Any information that isn’t public will cause suspicion – why else would someone go through the trouble to keep it secret?

There is something really refreshing about being open, making connections and getting the best possible outcome, all of which can be achieved through working out loud. So go on, next time you are faced with a difficult issue or wicked problem, why not try and open it out to others. You might just get a useful answer.

An MBA (and Housing) – a perfect fit?

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What relevance does an MBA have in the world of Housing?

As some of you will know, I have been studying towards an MBA (Masters in Business Administration) through the Open University.

As I am now half way through the three year distance learning course,  I thought it was an opportune time to reflect on a few of the key learning points from the MBA so far, to help answer the very question of its relevance. Here are the main ones:

I have had to step outside my comfort zone.  I don’t just mean in terms of the course content here. I am studying with a much wider range of people than I would normally work with; people who work in the for-profit sector, internationally, in family run businesses and global institutions. This is definitely not my usual close-knit Housing network and the diversity of students was one of the key reasons I signed up for the course.

I have a toolbox of useful business tools and concepts. I can now take these into my working career, whether that is ultimately within or outside the world of Housing. An MBA does not give you all of the answers, but it certainly helps to provide a wider and much deeper understanding of business. I feel more equipped than ever to tackle almost any issue at work.

The boundaries between for-profit and not-for-profit are difficult to define. The MBA course has brought this home to me on an amazingly regular basis. In Housing we are increasingly talking about profit, while in the next breath making it clear to anyone who will listen that we are not-for-profit. In a lot of ways, the definitions don’t matter – its more about having clarity of purpose within an organisation and ensuring that this is transmitted throughout the organisation.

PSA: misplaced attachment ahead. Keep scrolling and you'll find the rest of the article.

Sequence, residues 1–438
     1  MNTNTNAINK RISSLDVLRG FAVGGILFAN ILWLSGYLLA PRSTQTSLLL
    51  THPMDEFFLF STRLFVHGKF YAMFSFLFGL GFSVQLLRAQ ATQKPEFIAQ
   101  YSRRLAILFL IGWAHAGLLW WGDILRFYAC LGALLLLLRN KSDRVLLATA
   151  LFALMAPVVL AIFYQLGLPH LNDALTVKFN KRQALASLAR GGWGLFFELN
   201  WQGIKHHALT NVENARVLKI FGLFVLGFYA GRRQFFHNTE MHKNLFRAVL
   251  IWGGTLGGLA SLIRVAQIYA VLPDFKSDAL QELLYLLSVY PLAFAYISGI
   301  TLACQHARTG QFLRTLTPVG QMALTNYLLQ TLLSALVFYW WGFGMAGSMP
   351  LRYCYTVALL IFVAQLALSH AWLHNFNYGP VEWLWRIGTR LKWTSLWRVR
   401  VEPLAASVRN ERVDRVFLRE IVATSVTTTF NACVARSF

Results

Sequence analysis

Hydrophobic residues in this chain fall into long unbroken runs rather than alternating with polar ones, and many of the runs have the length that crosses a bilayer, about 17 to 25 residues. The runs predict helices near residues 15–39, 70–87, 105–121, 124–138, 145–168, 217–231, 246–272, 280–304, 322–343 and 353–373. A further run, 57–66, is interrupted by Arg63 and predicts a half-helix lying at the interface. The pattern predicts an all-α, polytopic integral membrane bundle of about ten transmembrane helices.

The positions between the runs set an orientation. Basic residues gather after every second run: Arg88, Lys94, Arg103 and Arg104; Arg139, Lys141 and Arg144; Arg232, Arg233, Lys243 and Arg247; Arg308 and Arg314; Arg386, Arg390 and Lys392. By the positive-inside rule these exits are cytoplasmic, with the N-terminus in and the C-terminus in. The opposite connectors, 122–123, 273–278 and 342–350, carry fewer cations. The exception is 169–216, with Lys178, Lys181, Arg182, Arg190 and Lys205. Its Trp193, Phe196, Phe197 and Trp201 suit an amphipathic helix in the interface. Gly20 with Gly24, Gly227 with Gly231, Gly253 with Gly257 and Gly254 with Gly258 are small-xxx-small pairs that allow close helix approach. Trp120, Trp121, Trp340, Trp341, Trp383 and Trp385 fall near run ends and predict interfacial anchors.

There is a big world beyond Housing. I can’t stress this point enough. The MBA has shown me a taste of the big wide world out there beyond the Housing sector and I would argue that this ‘wide world view lens’  can be used to challenge and shed new light on old existing ways of working and thinking. I am the only ‘Housing’ person in my group and have really enjoyed being questioned and challenged on some of the Housing norms I have come to accept. I would like to think that I am a much better professional for it.

For me an MBA certainly has some relevance in the world of Housing. Sure, it might not be for everyone, but if nothing else it gives me a toolbox of theories and concepts with which to challenge the old ways of doing things, with a sound base knowledge of business which goes beyond the normal Housing world.

I for one am looking forward to taking this forwards in the rest of my career.

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The completer finisher

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I have always considered myself as a completer finisher, someone who can be relied on to get things done. But in terms of blog posts, the description just doesn’t fit.

I have recently realised that I now have 15 unfinished blog posts, ranging back over a number of years. Some of these are just blog titles and a few lines, whereas others are 95% completed. Often I get inspiration to write something but just fail to get the right tone, or the right ending or after I’ve written something, I think it just isn’t interesting enough to publish!

I find that generally I write a blog post in just a few sittings. I draft a post, then revisit it a day or so later to make some final amendments and additions, and then publish it. Maybe I should take longer writing my blog posts, but in honesty, this just slows down the process for me. I am much better just writing what I think, tidying it up and then releasing it to the world.

So this blog post is a confession of sorts. I am not the completer finisher I thought I was.

Being a Google Geek

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The entrance to Google and You Tube offices

Call it what you will, I am slightly obsessed by Google.